character is taken literally).  Disables the end of file string,
       which is treated like any other argument.  Useful when input items
       might contain white space, quote marks, or backslashes.  The GNU find
       -print0 option produces input suitable for this mode.

-P max-procs, --max-procs=max-procs
       Run  up to max-procs  processes at a time; the default is 1.  If
       max-procs is 0, xargs will run as many processes as possible at a
       time.  Use the -n option or the -L option with -P; otherwise chances
       are  that  only  one  exec will be done.

 -n max-args, --max-args=max-args
       Use at most max-args arguments per command line.  Fewer than
       max-args arguments will be used if the size (see the -s option) is
       exceeded, unless the -x option is given, in which case xargs will
       exit.

nitro2k01's solution based on GNU Parallel is more powerful, but as you can see, GNU xargs isn't too bad either.

2

Firstly, you may want to look at using screen instead of nohup for making the session survive a disconnection. screen gives you a virtual terminal you can return to later. The basic usage is screen yourcommand to execute yourcommand and screen -DR to automagicalliy connect to an existing session, or create a new one if none exists. Just running screen without an argument also gives you a prompt inside a "screen" that you can use.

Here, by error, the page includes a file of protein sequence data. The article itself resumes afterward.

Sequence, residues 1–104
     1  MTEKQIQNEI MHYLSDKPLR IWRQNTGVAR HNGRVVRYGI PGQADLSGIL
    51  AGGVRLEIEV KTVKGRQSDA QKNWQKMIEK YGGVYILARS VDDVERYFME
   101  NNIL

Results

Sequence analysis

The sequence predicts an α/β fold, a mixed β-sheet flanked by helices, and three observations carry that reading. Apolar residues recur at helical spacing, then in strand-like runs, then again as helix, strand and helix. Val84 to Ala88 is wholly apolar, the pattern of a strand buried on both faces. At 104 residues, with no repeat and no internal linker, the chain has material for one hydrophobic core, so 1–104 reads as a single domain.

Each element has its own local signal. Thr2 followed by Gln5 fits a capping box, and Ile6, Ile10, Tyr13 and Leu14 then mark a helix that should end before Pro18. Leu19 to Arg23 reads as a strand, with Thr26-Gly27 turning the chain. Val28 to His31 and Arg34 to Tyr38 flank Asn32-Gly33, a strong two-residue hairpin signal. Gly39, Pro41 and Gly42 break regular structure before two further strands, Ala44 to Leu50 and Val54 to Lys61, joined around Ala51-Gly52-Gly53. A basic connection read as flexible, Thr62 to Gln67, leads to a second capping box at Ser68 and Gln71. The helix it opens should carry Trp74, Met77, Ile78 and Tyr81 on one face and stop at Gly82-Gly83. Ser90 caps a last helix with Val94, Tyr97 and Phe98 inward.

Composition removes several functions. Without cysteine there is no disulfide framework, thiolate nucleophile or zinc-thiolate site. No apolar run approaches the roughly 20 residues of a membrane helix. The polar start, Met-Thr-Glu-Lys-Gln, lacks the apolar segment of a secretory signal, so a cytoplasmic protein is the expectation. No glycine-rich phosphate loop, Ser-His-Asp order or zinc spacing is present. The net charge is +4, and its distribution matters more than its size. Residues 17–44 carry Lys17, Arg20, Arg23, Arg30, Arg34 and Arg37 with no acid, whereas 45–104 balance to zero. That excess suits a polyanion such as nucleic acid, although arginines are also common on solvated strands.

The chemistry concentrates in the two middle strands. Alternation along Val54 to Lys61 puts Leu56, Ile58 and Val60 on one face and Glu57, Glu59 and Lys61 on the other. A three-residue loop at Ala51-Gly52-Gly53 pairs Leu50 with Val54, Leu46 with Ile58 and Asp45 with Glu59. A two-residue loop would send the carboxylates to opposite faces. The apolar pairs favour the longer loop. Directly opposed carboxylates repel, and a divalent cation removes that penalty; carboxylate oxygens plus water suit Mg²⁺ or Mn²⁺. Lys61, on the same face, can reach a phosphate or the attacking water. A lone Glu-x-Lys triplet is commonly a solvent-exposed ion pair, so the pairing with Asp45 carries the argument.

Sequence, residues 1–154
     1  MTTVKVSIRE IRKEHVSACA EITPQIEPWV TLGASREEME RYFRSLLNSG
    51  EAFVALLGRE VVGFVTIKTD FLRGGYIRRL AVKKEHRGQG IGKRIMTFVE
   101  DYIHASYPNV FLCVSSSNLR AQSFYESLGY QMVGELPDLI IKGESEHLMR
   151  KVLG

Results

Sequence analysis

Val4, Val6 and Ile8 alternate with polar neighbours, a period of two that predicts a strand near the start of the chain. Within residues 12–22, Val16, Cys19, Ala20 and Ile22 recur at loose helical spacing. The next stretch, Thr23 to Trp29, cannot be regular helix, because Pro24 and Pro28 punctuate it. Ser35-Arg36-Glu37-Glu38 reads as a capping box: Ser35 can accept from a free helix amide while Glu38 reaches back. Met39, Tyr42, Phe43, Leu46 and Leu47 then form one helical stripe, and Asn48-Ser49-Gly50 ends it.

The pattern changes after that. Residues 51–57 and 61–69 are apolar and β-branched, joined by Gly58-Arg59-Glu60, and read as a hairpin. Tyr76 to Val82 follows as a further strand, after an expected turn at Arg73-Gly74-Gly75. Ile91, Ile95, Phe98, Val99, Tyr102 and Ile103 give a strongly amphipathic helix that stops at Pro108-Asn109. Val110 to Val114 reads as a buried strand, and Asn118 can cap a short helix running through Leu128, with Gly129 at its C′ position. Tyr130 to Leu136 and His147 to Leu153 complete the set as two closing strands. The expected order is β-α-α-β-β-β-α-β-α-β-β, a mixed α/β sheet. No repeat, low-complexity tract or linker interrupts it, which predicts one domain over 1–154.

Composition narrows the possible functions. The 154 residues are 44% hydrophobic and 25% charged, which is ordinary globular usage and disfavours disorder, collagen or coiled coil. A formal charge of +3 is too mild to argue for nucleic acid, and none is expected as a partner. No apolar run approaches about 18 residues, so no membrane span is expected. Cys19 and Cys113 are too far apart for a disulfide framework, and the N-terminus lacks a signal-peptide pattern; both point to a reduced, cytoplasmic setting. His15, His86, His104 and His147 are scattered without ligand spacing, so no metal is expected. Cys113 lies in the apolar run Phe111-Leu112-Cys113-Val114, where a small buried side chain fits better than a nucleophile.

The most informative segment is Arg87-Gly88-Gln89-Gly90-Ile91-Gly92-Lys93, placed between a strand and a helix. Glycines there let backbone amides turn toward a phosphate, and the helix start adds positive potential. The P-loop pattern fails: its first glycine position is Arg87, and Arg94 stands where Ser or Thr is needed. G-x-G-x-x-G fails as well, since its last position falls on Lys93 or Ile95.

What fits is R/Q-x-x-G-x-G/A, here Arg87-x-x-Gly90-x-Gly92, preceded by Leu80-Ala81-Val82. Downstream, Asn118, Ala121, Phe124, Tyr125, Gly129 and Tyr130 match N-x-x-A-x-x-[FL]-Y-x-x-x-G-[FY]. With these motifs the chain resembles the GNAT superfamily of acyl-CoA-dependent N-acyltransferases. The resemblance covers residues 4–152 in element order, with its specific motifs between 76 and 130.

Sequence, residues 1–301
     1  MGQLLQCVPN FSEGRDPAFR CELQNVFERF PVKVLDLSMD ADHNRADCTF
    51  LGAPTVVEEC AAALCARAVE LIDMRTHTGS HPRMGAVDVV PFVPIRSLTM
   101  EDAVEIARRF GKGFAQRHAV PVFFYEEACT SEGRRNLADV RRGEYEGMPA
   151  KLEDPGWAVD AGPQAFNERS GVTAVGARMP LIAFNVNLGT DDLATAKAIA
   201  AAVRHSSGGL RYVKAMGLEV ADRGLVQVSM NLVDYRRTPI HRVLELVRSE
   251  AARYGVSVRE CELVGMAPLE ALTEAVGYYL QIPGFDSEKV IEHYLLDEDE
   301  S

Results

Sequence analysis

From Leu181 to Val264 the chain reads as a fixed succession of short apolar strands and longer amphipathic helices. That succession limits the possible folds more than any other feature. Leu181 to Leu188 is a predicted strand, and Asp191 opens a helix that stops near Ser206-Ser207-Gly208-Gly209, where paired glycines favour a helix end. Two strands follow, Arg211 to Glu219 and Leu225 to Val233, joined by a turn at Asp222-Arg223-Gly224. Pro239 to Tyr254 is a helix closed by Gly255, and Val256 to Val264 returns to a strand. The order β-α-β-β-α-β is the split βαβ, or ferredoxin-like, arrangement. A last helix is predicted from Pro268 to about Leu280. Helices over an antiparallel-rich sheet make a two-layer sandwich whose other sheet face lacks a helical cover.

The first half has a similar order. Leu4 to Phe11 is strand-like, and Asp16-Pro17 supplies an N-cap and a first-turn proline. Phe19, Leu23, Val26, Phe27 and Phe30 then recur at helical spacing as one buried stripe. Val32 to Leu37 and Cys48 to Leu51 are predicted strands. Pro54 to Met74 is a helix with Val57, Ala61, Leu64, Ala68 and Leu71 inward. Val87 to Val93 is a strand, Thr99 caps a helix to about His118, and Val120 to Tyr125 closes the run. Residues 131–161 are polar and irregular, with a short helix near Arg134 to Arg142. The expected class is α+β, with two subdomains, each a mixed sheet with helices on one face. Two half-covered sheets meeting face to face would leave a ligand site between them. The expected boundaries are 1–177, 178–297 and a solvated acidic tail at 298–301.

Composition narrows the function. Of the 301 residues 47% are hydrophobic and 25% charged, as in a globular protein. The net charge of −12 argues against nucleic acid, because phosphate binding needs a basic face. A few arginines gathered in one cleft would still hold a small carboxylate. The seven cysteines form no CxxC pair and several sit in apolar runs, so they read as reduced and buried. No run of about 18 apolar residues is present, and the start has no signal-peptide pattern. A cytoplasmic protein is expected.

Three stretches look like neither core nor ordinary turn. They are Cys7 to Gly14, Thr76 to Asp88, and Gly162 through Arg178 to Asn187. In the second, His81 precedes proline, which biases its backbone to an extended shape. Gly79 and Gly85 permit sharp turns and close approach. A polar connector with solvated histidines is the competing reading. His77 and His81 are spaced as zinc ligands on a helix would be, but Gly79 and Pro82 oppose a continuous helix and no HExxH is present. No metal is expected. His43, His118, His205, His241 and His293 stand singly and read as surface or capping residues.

Secondly, you may want to look into GNU Parallel for parallel jobs. You may not want to have more processes running than you have CPU cores, because of diminishing returns and disk overload. A suitable command for you might be as follows, which, again, you would have to run inside a screen in order to make it survive a disconnect.

ls FileDirectory/Input_* | parallel -j 8 --workdir $PWD ./Executable {}

The files you want to process are listed and piped into parallel which is instructed to run 8 parallel jobs and work in the current directory.

Since screen doesn't understand pipes and other things in the commands given as an argument - that's the shell's job - you would need to either put the command in shell script or give a sh -c command to execute the command.

screen sh -c 'ls FileDirectory/Input_* | parallel -j 8 --workdir $PWD ./Executable {}'

or simply

screen ./runjob

where runjob contains:

#!/usr/bin/env bash
ls FileDirectory/Input_* | parallel -j 8 --workdir $PWD ./Executable {}
3
1

Use screen on each machine. screen starts a command (generally a shell) whch can be detached from your ssh session, so that it continues executing the job just started inside it; in other words, the job, though still running, will not be interrupted by any interrupt (not just kill -9) as you log out.

When you feel like it, you can reconnect via ssh, and re-join the detached session via the command

screen -r

and this will seamlessly put you back into the shell you abandoned, showing you all standard output which you missed in the meantime, if any.

Like this, you don't have to wait for anything, nor do you have dangerously hanging ssh sessions which, if disconnected accidentally, would kill your jobs.

screen is in the repos.

0

for i in {1..9}; do ssh RemoteMachine${i} ./RunJobs.sh; done

try this

for i in {1..9}; do echo RemoteMachine${i}; done |xargs -I % -n 1 -P 10 ssh
% "./RunJobs.sh"

what that does is build a list of machine names and pipes the whole list to xargs. The arguments to xargs mean:

-I % replace the occurrence of % with the first argument

-n 1 use 1 argument per command line

-P 10 run 10 processes at a time